‘It helps Hong Kong if other Asian cities do well’: Chinese gallerist Kevin Poon discusses his new Singapore gallery

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Connections between Singapore and Hong Kong run deep, says the cultural entrepreneur Kevin Poon ahead of launching the first space of his WOAW gallery in the Southeast Asian city to coincide with the launch of Art SG Singapore fair.

Since 2019, Poon, a Hongkonger, has maintained two spaces in his home city, one in Central and Wanchai, plus a location in Beijing’s duty free Blanc Art Space. “There is this narrative of whether Seoul or Singapore or whatever is the ‘new Hong Kong’, and people always ask the same questions,” Poon says. “To which I respond, ‘No!’ It is actually a collaboration, it helps Hong Kong if other Asian cities do well.”

Facade of WOAW gallery in Singapore

Courtesy of WOAW gallery

Poon, a DJ and social media influencer who has founded fashion brands and music festivals, moves fast: he decided to open in Singapore nine months ago, and found the 120 sq m location in a traditional Chinatown shophouse at 4 Ang Siang Hill only half a year back. “Singapore is the new hot spot, people are moving out here, and it’s a centre for Southeast Asia, which I have a big affinity for,” he says. “I read that a lot of Hongkongers are moving here, but I also know of a lot of people who go back and forth between the two. There is potential for new clients here, and a lot of wealth: once people have a lot of cars and watches, they ask what next?”

“All the real big shots, we already have five or ten common friends, the world is a local place now.”

While a young collector can be hard to define, Poon describes the quintessential one someone around 30 years old, who loves to learn, and who maybe has young children. Among his clients are one who founded a video gaming company in China, and the daughter of a foundation owner. “It is hard to put people in a box,” he says. But regardless of what age they are, or where they come from, Poon says he is likely to know them. “All the real big shots, we already have five or ten common friends, the world is a local place now.”

Despite the two cities’ ties—both are former British colonies with majority Han Chinese populations, and hotbeds of commerce and culture—Poon is the only Hong Kong gallerist to have an outpost in Singapore following the closure of Pearl Lam Gallery’s Gillman Barracks space in 2019. But Singapore is a magnet for Asian-Pacific international galleries, including Shanghai’s ShanghArt, Tokyo’s Ota Fine Arts, Whitestone and Mizuma, Malaysia’s Richard Koh, Sundaram Tagore, which is headquartered in New York, and The Columns Gallery, which has its primary space in Seoul. Australia’s Sullivan+Strumf has downsized in Singapore from a full gallery to an office. However, it has not attracted the concentration of outposts by Western galleries found in East Asian cities like Hong Kong, Shanghai and increasingly Seoul. Poon surmises the primary reason is simply the geographic deterrence of flight times from North America.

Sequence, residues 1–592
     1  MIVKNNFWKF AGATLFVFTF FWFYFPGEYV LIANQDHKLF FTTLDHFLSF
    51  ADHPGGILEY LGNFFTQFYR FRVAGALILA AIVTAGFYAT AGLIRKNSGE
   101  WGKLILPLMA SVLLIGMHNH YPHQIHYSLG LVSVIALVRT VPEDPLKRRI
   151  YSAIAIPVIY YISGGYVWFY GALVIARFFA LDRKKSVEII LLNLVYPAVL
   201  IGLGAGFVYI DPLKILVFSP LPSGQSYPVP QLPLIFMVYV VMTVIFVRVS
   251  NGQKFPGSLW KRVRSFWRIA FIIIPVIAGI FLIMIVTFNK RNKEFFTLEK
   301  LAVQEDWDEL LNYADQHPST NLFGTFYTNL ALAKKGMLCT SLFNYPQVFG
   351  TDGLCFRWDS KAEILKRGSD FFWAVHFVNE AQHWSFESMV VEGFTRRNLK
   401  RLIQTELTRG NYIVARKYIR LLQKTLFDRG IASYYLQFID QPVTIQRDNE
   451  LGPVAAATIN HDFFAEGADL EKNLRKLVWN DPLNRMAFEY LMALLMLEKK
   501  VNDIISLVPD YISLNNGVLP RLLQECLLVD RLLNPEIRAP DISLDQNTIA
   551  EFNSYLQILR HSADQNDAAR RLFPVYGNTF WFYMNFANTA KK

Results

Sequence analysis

Singapore’s global remoteness also in part drove Poon to opt for a downtown location over the traditional Singapore gallery complex Gillman Barracks. “Chinatown is an up-and-coming area, and I just wanted a shophouse,” he says. “People from New York can’t readily come out here, it’s so far, so it’s important to show them the image of Singapore, and for that you need a shophouse. Also, Singaporeans don’t like to travel even within the city, if something is more than 15 minutes away they are reluctant.”

Soimadou Ibrahim’s Patrick m’a locké (2022) will feature in the exhibition As Friends & Partners (until 4 March) at Woaw gallery Singapore

Courtesy of WOAW gallery

From fashion to music and marketing, Poon began his foray into the arts in 2013 with his concept store WOAW!, which stands for World of Amazing Wonders, and which sells limited edition accessories and lifestyle products. He also has dealt in art toys and editions, a popular but complicated category in Asia that now appears to be slowing after a boom. “Before, it was an entry way for young collectors, and when people started they were making like 100 editions every few months. Now every week there is a new release, but collectors would rather save up to buy an emerging artist’s work instead.”

WOAW opens on 12 January with a group show of 11 young artists including Soimadou Ibrahim, Cheung Tsz Hin and Charlie Roberts. As Friends & Partners (until 4 March) highlights urban ties as well as the gallery’s own community of artists, collectors and supporters.

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